Vaccines in development: https://graphics.reuters.com/HEALTH-CORONAVIRUS/VACCINE-TRACKER/xegpbqnlovq/

COVID-19 reinfection less likely to be severe; cardiac stress test useful for unexplained lingering breathlessness
 

Related Articles

Add a Comment

Comment Guidelines

We encourage you to use comments to engage with other users, share your perspective and ask questions of authors and each other. However, in order to maintain the high level of discourse we’ve all come to value and expect, please keep the following criteria in mind:  

  •            Enrich the conversation, don’t trash it.

  •           Stay focused and on track. Only post material that’s relevant to the topic being discussed. 

  •           Be respectful. Even negative opinions can be framed positively and diplomatically. Avoid profanity, slander or personal attacks directed at an author or another user. Racism, sexism and other forms of discrimination will not be tolerated.

  • Use standard writing style. Include punctuation and upper and lower cases. Comments that are written in all caps and contain excessive use of symbols will be removed.
  • NOTE: Spam and/or promotional messages and comments containing links will be removed. Phone numbers, email addresses, links to personal or business websites, Skype/Telegram/WhatsApp etc. addresses (including links to groups) will also be removed; self-promotional material or business-related solicitations or PR (ie, contact me for signals/advice etc.), and/or any other comment that contains personal contact specifcs or advertising will be removed as well. In addition, any of the above-mentioned violations may result in suspension of your account.
  • Doxxing. We do not allow any sharing of private or personal contact or other information about any individual or organization. This will result in immediate suspension of the commentor and his or her account.
  • Don’t monopolize the conversation. We appreciate passion and conviction, but we also strongly believe in giving everyone a chance to air their point of view. Therefore, in addition to civil interaction, we expect commenters to offer their opinions succinctly and thoughtfully, but not so repeatedly that others are annoyed or offended. If we receive complaints about individuals who take over a thread or forum, we reserve the right to ban them from the site, without recourse.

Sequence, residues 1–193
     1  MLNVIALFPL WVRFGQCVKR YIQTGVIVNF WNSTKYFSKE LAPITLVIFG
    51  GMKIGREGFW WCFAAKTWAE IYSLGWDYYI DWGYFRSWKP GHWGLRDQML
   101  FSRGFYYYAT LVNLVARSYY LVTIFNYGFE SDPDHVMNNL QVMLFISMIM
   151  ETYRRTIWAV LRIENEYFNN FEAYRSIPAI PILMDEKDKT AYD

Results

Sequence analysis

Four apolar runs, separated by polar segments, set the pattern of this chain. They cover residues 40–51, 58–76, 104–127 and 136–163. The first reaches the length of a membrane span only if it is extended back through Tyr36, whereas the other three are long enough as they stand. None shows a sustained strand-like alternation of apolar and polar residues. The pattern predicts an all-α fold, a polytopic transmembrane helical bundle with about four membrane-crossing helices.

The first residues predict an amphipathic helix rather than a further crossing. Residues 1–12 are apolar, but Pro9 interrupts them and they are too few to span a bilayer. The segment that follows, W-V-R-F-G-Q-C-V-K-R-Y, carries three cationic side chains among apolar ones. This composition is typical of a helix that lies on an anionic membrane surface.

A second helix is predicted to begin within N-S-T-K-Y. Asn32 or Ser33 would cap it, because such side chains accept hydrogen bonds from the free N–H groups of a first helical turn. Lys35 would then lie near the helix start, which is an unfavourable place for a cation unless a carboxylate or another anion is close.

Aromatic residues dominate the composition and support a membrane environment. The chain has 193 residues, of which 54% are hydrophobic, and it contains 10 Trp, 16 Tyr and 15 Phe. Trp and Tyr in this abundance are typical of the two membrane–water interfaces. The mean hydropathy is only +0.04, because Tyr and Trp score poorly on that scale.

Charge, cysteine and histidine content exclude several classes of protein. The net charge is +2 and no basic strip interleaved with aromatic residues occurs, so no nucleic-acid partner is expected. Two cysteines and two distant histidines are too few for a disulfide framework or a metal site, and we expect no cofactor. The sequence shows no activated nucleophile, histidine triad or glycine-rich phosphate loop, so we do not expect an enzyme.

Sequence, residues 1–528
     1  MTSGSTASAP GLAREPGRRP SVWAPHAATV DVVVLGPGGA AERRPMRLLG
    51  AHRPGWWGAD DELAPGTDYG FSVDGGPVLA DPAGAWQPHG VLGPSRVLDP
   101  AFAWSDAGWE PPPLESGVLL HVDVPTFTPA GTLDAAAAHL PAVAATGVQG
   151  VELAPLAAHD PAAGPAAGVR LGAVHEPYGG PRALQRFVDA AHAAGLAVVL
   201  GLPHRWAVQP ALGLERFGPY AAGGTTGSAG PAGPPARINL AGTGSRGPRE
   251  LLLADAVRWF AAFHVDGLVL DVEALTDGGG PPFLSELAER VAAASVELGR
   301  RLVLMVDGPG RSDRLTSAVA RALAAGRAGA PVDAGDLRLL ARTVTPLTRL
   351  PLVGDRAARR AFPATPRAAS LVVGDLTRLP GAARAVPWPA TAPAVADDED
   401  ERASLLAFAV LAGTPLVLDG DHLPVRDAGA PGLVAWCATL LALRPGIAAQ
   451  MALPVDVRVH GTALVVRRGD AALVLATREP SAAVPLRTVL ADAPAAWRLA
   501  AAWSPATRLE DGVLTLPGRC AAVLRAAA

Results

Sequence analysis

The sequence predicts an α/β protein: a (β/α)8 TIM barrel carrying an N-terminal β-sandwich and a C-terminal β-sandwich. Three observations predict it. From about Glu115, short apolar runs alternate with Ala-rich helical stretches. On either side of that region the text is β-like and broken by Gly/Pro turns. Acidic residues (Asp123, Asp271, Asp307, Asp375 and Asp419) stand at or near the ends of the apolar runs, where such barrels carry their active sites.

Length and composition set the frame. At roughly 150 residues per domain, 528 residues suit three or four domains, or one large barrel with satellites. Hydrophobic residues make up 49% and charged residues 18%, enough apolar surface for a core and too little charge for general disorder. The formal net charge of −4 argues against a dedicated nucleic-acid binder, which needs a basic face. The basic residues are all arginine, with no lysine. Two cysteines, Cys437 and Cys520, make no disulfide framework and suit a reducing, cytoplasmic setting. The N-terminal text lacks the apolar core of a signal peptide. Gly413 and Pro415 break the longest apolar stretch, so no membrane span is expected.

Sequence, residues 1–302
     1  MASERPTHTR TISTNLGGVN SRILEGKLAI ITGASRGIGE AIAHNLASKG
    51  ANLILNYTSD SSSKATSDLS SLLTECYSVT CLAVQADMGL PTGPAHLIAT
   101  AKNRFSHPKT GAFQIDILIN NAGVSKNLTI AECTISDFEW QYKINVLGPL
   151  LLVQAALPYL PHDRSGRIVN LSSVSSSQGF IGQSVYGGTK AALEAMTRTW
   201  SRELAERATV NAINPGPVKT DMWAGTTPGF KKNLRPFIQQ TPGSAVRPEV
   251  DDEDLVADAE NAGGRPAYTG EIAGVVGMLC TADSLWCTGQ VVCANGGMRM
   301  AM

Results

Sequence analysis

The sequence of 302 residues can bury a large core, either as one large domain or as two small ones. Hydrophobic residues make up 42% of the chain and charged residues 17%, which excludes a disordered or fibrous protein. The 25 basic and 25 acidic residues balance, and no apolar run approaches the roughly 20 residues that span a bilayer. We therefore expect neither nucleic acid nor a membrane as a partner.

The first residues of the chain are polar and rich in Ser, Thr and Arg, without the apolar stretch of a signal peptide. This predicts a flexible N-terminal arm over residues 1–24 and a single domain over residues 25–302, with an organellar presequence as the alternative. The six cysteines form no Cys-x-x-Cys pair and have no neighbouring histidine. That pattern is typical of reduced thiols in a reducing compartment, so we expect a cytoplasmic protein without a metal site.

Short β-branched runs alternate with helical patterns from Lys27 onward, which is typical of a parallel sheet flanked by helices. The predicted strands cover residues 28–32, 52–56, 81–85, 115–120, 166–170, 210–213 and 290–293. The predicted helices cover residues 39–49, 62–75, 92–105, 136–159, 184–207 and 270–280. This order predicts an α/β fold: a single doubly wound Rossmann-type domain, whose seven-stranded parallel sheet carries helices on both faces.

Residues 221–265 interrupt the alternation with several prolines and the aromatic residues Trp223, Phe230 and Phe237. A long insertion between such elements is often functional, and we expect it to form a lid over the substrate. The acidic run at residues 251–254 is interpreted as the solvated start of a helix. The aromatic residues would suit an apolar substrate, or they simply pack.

• Only English comments will be allowed.

Perpetrators of spam or abuse will be deleted from the site and prohibited from future registration at Investing.com’s discretion.

Write your thoughts here
 
Are you sure you want to delete this chart?
 
Post
Post also to:
 
Replace the attached chart with a new chart ?
1000
Your ability to comment is currently suspended due to negative user reports. Your status will be reviewed by our moderators.
Please wait a minute before you try to comment again.
Thanks for your comment. Please note that all comments are pending until approved by our moderators. It may therefore take some time before it appears on our website.
Comments (1)
Felipe Daniel
Felipe Daniel Nov 29, 2021 8:42PM ET
Saved. See Saved Items.
This comment has already been saved in your Saved Items
No boosters needed in conclusion
 
Are you sure you want to delete this chart?
 
Post
 
Replace the attached chart with a new chart ?
1000
Your ability to comment is currently suspended due to negative user reports. Your status will be reviewed by our moderators.
Please wait a minute before you try to comment again.
Add Chart to Comment
Confirm Block

Are you sure you want to block %USER_NAME%?

By doing so, you and %USER_NAME% will not be able to see any of each other's Investing.com's posts.

%USER_NAME% was successfully added to your Block List

Since you’ve just unblocked this person, you must wait 48 hours before renewing the block.

Report this comment

I feel that this comment is:

Comment flagged

Thank You!

Your report has been sent to our moderators for review
Disclaimer: Fusion Media would like to remind you that the data contained in this website is not necessarily real-time nor accurate. All CFDs (stocks, indexes, futures) and Forex prices are not provided by exchanges but rather by market makers, and so prices may not be accurate and may differ from the actual market price, meaning prices are indicative and not appropriate for trading purposes. Therefore Fusion Media doesn`t bear any responsibility for any trading losses you might incur as a result of using this data.

Fusion Media or anyone involved with Fusion Media will not accept any liability for loss or damage as a result of reliance on the information including data, quotes, charts and buy/sell signals contained within this website. Please be fully informed regarding the risks and costs associated with trading the financial markets, it is one of the riskiest investment forms possible.
Continue with Google
or
Sign up with Email